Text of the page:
While going to a battered women's shelter can be a life-saving option for many victims, the shelter option may not work for you. Using the shelter network will be more complicated because your abuser is in law enforcement. Police officers have access to information, including the locations of local shelters and domestic violence agencies. Your batterer may remind you that he works closely with shelter staff. He may be assigned to the DV unit; he may even be on the shelter's board of directors. His message is clear: "Don't bother going to them, they know me; they won't believe you."
There are serious limitations to what any shelter can offer. You may be very reluctant to confide in any advocate. Your fears are well-grounded:
As you may already have learned, you can't just call a shelter and "reserve" a room. Shelters are usually filled to capacity. Shelter intake policies vary, but most shelters only take women who are in immediate physical danger.
Shelter staff are required to interview you on the phone to make sure that you are eligible for shelter services. The way you tell your story and how you answer their questions will determine whether you are accepted into the shelter. They usually ask you if there has been recent physical abuse and if you are in immediate danger. They may require you to have or to get an order of protection.
They will ask questions regarding your physical and mental health. Some shelters refuse to accept women who have a history of mental illness, substance abuse, or suicide attempts. They will also ask if you have any special needs and if you are on any medications.
They may ask questions about your abuser, including his occupation. They may hesitate accepting you because your abuser is in law enforcement. They may consider you a safety risk, or they may not want to damage their relationship with local law enforcement.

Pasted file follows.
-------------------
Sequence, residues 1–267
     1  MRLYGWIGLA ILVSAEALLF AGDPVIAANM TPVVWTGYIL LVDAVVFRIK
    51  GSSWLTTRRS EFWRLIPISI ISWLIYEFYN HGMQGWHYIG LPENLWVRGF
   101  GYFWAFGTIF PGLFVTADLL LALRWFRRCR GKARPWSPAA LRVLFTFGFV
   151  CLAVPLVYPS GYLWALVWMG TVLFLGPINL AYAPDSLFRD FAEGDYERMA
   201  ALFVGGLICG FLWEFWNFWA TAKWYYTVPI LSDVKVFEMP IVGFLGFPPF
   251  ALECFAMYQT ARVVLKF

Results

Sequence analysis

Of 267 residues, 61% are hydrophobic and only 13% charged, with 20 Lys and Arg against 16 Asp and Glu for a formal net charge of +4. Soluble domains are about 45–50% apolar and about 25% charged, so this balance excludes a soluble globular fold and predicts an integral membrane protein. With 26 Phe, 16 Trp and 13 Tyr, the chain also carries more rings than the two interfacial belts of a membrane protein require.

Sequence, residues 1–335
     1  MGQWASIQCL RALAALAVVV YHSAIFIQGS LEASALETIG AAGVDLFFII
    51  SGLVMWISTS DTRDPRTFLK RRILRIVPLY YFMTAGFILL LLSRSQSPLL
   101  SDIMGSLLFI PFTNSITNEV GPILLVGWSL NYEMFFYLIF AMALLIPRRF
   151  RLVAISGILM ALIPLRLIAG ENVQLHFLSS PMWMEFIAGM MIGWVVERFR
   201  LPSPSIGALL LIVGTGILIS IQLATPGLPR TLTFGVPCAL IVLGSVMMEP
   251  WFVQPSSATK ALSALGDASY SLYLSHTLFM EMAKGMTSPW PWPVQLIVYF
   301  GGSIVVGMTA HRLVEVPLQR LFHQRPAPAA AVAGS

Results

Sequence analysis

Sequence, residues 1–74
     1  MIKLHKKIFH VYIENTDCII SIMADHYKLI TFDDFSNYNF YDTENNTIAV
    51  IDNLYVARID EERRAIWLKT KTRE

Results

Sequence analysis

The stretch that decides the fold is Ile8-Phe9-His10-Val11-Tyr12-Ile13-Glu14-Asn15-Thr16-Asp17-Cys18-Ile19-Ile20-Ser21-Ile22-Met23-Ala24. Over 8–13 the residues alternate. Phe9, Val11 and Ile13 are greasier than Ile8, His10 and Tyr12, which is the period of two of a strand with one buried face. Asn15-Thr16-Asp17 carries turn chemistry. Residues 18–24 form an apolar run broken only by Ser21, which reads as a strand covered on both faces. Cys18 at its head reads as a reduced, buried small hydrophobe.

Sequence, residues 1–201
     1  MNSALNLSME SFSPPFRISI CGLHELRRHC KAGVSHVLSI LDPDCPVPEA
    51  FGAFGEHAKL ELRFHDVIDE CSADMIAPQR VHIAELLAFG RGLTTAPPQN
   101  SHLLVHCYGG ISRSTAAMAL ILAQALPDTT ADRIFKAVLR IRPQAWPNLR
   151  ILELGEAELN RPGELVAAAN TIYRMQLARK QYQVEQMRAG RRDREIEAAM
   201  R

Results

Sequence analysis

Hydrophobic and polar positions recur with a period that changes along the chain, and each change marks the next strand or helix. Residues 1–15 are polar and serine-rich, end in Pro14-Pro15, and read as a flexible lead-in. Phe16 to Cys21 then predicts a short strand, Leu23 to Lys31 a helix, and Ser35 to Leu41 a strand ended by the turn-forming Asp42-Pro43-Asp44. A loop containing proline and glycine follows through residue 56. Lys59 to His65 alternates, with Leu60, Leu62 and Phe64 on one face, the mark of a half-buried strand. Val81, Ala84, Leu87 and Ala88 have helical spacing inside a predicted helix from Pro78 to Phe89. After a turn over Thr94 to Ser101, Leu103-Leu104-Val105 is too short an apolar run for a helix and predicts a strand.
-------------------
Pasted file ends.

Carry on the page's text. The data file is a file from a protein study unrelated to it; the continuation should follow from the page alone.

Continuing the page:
Staff will ask you if you have children with you. Many shelters do not take boys older than 12 years. It may be harder to find a shelter that has enough space to accommodate you if you have several children.
You may be refused services if your abuser has filed criminal charges against you or if he has an order of protection naming you as the perpetrator. Talk to an attorney or legal advocate about counter-petitioning for your own order of protection or vacating the abuser's Order.
If you succeed in leaving your abuser, he may become obsessed with tracking you down. You and shelter staff must review the pros and cons of notifying local police. If there is reason to believe that they will extend "professional courtesy" to another officer and respond to his inquiries about your whereabouts, then the police should not be notified. If you both trust the local department to respond appropriately, then they should alert the police about your batterer's likely attempts to locate and harm you.Back to top
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